With age comes shrewdness, but with adolescence comes bravado.Being a precocious youth (some braggadocio remains, you see) I had decided early to become an intellectual, so when I entered middle-school I set off in the steps of other intellectuals, which as far as I was concerned meant people like Mary Shelley, D.H. Lawrence, and Jules Verne.I realize that these names are not modern, and are perhaps irrelevant role models to adopt for the here-and-now, so I’d like to explain myself.To begin with please take my word for it that I read more often than I spoke, so my opinions were based less on socializing than they were on my available library, and my dad had brought home a collection of abridged classics when I was only eight years old…you see where I’m going.The authors of these books became my heroes, and I respected their words as fulsomely as Victor Frankenstein admired Albertus Magnus.Many of these individuals, with their famous bodies of correspondence and diverse pursuits, were among the prominent voices of society in their heyday.Growing up to be a renaissance man like my heroes was, to me, analogous to growing up to be the titular astronaut.My point, before I belabor my history further, is that the drive to be well-rounded in my learning is deeply rooted in me, providing a goal in and of itself, though not a very focused one.

If, to paraphrase Socrates, wisdom consists in knowing how ignorant one is, then I acquired considerable wisdom in college because I was appalled at how useless my learning turned out to be when I tried to accomplish anything with it.My grades were poor, and worse, my prospects seemed impoverished as well.When I initially entered Integrated Studies it was only to avoid learning a foreign language for an English degree, which seemed superfluous to me.I adore English, and maintain vague aspirations toward becoming a science fiction writer, but that path didn’t fit my life goals anymore.Not that I knew, exactly, what my life goals were.My rural background supplied those.Growing up in wooded environments taught me an appreciation for nature, and also for personal space, so the problems of pollution and overpopulation were distressing to me once I delved into politics.The values I developed from considering political questions rejuvenated my academic drive; I had the purpose necessary to integrate my studies, and was finally working on my major in fact instead of in name.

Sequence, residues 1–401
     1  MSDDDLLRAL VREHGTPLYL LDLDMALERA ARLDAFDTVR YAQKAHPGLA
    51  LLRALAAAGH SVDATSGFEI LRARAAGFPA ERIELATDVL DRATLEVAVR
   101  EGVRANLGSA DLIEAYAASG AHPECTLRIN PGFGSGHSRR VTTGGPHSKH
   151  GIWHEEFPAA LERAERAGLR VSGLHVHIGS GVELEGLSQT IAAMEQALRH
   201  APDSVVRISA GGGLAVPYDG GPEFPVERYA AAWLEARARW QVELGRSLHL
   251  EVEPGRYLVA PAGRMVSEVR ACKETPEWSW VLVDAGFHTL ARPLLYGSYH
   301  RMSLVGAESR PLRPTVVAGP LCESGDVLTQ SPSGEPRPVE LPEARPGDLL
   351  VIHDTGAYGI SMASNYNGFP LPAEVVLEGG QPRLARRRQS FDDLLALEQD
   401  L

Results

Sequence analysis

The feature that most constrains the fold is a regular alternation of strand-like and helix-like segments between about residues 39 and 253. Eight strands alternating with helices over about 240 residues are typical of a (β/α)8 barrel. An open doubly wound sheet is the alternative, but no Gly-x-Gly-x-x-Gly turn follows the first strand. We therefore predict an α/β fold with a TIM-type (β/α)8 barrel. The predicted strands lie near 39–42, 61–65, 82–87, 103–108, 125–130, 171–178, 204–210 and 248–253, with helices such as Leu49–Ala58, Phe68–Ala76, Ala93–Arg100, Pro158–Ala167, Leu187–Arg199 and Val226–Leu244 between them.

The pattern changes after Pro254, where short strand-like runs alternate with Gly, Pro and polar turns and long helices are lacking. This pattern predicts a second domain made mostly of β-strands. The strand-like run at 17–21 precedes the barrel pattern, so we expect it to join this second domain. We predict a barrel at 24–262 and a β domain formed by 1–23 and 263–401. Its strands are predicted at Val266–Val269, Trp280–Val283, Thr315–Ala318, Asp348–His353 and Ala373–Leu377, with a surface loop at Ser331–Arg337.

Do not conclude from the above that I want to enter politics per se, but I do want to involve myself in the direction of community, and I now believe that the best way I can accomplish this is to hone my skills at promulgating information.As a teacher, librarian, secretary, or researcher, a person dedicates themselves to the acquisition and presentation of information, in some cases needing to improvise this knowledge out of the interconnection of other skills.Integrated Studies is a discipline that uses information in one field to bolster conclusions in another, or open it to novel modes of investigation.When discussing history, for example, it turns out that one can use a famous painting such as Rembrandt’s Belshazzar’s Feast as a primary source to support theories regarding social attitudes of the time period.Philosophy not only teaches a person how to question, but it gives a perspective on physics that a pure practitioner of science lacks: the philosophy of pragmatism provides good reasons for a scientist to carefully qualify and define their terms before presenting an experimental conclusion.Since I believe that improving human relations, and society as a whole, can be effected by properly disseminating information, it behooves me to take Integrated Studies as my major.I still cannot claim that my purpose is narrowly defined—I do not aspire specifically to become a file clerk—I do know that I want to be involved in clerical work, whether at an office or as somebody’s assistance, or even in front of class.My purpose is to become part of the informational machine that runs the socio-industrial workplace, not as a cog or screw, but as the lubrication that eases the operation of every other little part.

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Good Genes Without Bad Blood